Where Do Your Customer Reviews Live?
Here is a useful thought experiment for home services business owners: Google your business name. For me, that’s “Spectrum Communications Schaumburg.” See what your customers see when they find you online. If you’re investing in your website’s architecture and SEO, your homepage is hopefully showing up. You probably also see a handful of reviews and star-ratings.
So, how do you ensure that your business is putting its best foot forward in search? You will have to have a stellar site, but you will also need to think about the review sites that pop up alongside your webpage. The most prominent review sites vary by your industry. For remodeling companies, it tends to be Yelp, the Better Business Bureau, and Houzz. If you have reviews on your Facebook page, those may also appear as a star rating. Google Local reviews are attached to your local listing, so those will appear anywhere your local listing appears. Whew! That’s a ton of review sources.
With the dizzying array of review sources available to your potential customers, how do you take control of your online reputation and drive those customers to your business? The first step is to understand where those star-ratings are coming from, and what searches trigger them. Once you have that down, you will be able to leverage your online reputation to convert more web traffic into customers.
Google Local Reviews
The easiest reviews site to trigger is your Google Local listing. If you don’t have one, or aren’t directing your customers to review you there, you are missing out. These reviews show up in the local pack as well as in the navigation sidebar, depending on how your customers phrase their searches. These placements receive massive exposure, so time you invest into improving your local listing is time well spent. Also, Google Local is an arm of Google the search giant – so reviews are part of what determines how high your listing is in the search results.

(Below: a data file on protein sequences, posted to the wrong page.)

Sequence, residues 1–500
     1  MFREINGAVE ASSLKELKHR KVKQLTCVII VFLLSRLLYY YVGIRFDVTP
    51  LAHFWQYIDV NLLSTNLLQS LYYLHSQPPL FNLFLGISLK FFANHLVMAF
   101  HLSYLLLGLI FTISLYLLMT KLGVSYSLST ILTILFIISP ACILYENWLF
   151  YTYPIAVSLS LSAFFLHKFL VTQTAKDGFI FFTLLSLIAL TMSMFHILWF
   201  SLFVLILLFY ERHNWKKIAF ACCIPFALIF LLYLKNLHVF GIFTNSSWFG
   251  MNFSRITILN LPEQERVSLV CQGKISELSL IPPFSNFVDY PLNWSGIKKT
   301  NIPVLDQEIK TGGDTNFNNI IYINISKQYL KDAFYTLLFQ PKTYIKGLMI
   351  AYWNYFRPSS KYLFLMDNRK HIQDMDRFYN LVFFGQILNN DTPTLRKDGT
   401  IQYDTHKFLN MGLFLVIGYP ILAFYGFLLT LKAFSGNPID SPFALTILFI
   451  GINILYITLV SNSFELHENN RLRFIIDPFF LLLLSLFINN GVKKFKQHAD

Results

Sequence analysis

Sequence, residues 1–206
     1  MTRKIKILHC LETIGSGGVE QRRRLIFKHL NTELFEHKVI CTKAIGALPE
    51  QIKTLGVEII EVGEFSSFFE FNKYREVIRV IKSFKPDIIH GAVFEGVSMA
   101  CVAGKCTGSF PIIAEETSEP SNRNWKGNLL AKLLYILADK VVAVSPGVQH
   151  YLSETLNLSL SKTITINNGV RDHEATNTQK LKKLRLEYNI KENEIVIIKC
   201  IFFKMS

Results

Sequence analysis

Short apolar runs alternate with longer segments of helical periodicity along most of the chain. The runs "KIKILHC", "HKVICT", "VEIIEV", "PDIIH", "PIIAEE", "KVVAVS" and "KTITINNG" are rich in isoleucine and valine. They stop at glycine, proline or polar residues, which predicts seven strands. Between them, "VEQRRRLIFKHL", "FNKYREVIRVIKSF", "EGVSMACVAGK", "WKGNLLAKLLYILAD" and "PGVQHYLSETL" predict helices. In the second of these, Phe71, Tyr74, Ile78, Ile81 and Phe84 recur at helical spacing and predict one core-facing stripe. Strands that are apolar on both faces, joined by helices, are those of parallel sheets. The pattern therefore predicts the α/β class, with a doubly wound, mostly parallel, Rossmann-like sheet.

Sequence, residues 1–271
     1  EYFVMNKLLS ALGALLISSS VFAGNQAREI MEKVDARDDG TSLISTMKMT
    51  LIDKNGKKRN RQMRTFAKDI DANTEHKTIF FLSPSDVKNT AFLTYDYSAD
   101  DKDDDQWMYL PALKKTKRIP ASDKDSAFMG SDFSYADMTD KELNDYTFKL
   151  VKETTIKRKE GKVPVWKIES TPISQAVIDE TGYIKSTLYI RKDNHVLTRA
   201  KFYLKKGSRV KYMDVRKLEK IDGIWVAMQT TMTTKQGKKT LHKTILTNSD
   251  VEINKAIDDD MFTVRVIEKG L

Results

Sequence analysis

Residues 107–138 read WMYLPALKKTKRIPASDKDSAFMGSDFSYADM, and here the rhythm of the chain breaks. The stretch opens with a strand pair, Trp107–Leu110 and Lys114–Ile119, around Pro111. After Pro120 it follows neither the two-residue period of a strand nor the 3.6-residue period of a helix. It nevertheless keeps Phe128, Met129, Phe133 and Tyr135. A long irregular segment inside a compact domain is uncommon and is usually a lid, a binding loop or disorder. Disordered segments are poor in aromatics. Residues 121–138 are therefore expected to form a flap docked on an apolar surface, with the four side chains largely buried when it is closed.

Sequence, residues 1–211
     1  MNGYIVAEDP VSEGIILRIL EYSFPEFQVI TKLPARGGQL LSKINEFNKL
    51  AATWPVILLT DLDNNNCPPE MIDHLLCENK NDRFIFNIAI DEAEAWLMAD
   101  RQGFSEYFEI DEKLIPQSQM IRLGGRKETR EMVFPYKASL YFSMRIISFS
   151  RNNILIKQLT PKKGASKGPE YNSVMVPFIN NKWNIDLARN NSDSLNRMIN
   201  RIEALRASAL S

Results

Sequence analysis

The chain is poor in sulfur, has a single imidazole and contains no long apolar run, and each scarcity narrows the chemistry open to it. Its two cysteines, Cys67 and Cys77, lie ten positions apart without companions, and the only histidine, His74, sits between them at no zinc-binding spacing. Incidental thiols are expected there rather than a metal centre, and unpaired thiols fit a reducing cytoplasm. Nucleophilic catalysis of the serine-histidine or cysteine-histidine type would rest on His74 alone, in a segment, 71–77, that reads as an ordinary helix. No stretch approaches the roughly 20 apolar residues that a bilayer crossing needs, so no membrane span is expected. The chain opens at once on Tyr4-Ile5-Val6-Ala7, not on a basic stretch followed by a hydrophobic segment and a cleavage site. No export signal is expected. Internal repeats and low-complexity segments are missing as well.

In short, ignore your Google reviews at your own peril!
Google Loves Yelp – sort of…
Yelp is a tricky reviews partner. Their reviews filter and sales tactics often leave small business owners furious. Have a look at our Yelp Filter Guide to get the most out of time you spend improving your Yelp listing – but don’t rely too much on Yelp in your reputation management strategy.
On a related note, Google can’t appear to be playing favorites and displaying its own services over competitor services. Yelp has sued Google repeatedly over the issue, and you’ll notice that if any star-rating is going to appear Yelp is frequently in the mix. So, Yelp displays prominently in search results, both due to its popularity and due to Google not wanting to anger the Yelp legal department.
Realize this when you’re investing your time and energy into Yelp - What the filter allows one day, may be taken away the next day without so much as a warning.
A Third Way
Wouldn’t it be great if you could sidestep titanic Silicon Valley companies and take charge of your reputation management through your own web site? Well, you can’t just up and go head-to-head with Yelp or Google. With the right technology, though, you can slot your own legitimate reviews into the Google search results wherever your homepage would appear.
Here at Spectrum, we patented that technology in our own proprietary Reviews Engine. Home remodelers can seek out honest reviews from their happy customers, without having to worry about external companies filtering them or making shady sales offers to improve their star-ratings. Pretty cool, right? The Reviews Engine wraps your reviews into your organic rankings, showing customers that you are a reputable company while showing Google that you host the sort of content that searchers want to see.
So, there you have it! Now you better understand what drives your reviews presence in the Google search results. You can optimize on Google Local, you can haggle with Yelp, and when you’re ready to take your business to the next level, you can employ Spectrum technology to implement a comprehensive reputation management strategy. Any venues we’re missing here? Let us know in the comments!